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The Warmest December
by Bernice McFadden

The Warmest December

Reviewed by Jacob Malmberg

Moving Forward While the Wicked Sleep

In her intensely moving second novel, The Warmest December, Bernice McFadden depicts a young woman struggling to rid herself of the painful influence of her abusive father and the legacy of alcohol dependence that she is left with in his wake. The follow-up to McFadden's highly acclaimed, best-selling book, Sugar, centers around the life of Kenzie Lowe, a woman subjected to the memories of a childhood lived in complete helplessness and humiliation, and left with an adulthood plagued by the memories of chronic alcoholic Hy-Lo, a name that appropriately reflects his erratic mood swings.

Kenzie is surprised to find out that "One day last week I forgot that I hated my father, forgot that I even thought of him as a monster. " Though constantly reminded that his absence hasn't completely wiped the memories of Hy-Lo away, Kenzie is nevertheless compelled to visit him almost daily as he lies comatose in a hospital bed.

Through the hours of quiet reflection during her repeated visits, she discovers the perfect way to rid herself of his influence even as she struggles with forgiveness of the seemingly unforgivable. Through seamless transitions between the graceful narration of the present and Kenzie's somber reflection of the turbulent realities that permeate her memories, McFadden carefully shapes both Kenzie's and the reader's understanding of the events that shaped her life.

Both the frequency of the attacks and their severity make reading of this book quite painful at times, yet the author effectively holds the readers interest and emotion with Kenzie's haunting recollections. One such incident finds Kenzie on one of her dreadful marches to Hy-Lo's dresser drawer to choose her father's weapons of choice for her beatings, three belts of identical width and length. "We agonized over which one would hurt the least. "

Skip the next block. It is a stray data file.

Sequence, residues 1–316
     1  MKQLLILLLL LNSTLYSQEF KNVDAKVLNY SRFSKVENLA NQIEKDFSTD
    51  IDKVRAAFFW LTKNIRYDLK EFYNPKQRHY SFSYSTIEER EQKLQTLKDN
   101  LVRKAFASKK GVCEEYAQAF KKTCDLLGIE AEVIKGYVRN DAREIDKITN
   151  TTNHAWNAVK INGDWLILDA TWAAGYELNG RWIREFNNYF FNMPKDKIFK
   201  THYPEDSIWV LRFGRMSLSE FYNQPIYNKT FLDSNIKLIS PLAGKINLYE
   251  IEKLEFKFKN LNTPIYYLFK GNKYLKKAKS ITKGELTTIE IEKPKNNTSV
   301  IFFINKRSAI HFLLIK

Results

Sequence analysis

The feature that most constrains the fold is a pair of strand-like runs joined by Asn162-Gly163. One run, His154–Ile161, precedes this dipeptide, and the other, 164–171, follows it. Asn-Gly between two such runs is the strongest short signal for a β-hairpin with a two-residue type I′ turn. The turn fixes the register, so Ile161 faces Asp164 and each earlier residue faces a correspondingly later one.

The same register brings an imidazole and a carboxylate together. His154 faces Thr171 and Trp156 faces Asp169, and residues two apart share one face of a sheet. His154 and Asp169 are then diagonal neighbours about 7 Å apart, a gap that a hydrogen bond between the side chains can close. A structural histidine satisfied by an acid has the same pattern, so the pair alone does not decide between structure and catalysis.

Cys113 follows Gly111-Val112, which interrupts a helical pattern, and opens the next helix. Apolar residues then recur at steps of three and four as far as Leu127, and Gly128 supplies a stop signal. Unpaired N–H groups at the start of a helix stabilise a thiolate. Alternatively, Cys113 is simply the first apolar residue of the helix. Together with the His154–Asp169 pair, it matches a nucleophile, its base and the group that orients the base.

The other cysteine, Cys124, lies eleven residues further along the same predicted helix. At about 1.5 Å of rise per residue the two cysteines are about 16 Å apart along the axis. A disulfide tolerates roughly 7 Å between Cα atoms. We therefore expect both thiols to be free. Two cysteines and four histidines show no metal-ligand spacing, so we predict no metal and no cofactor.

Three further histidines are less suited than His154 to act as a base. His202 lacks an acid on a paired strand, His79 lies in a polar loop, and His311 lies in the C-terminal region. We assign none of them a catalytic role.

McFadden's concise description of the Lowe family's tragedy exhibits a solemn wisdom of human emotion in the midst of hardship, yet the reader is also treated to intervals of witty, perceptive illustration of the changing faces of Brooklyn's Crown Heights neighborhood and its inhabitants.

The Warmest December chronicles the legacy of fear that alcoholics pass to their children through violence and addiction with heart wrenching drama and constantly building tension. Themes of recovery, forgiveness, and accountability are colored with a voice that is sometimes subtle and delicate, other times acutely blunt. To ward off the overwhelming compassion for her dying father, Kenzie would force herself "to remember the smell of hate, the feel of pain, and the sense of rejection that he instilled in me every single day of my life, and my hate would bloom again. "

Kenzie's mother implores her not to forgive Hy-Lo, to which Kenzie replies that she didn't "want to talk about forgiveness with a woman who'd forgiven her life away, and mine right along with it. " A life defined by so much pain and hatred demands that Kenzie's recovery include far more than just abstinence from alcohol. McFadden deals with the complex problems of this family realistically, and demonstrates her obvious understanding by avoiding a contrived or universal remedy to her characters' disappointments.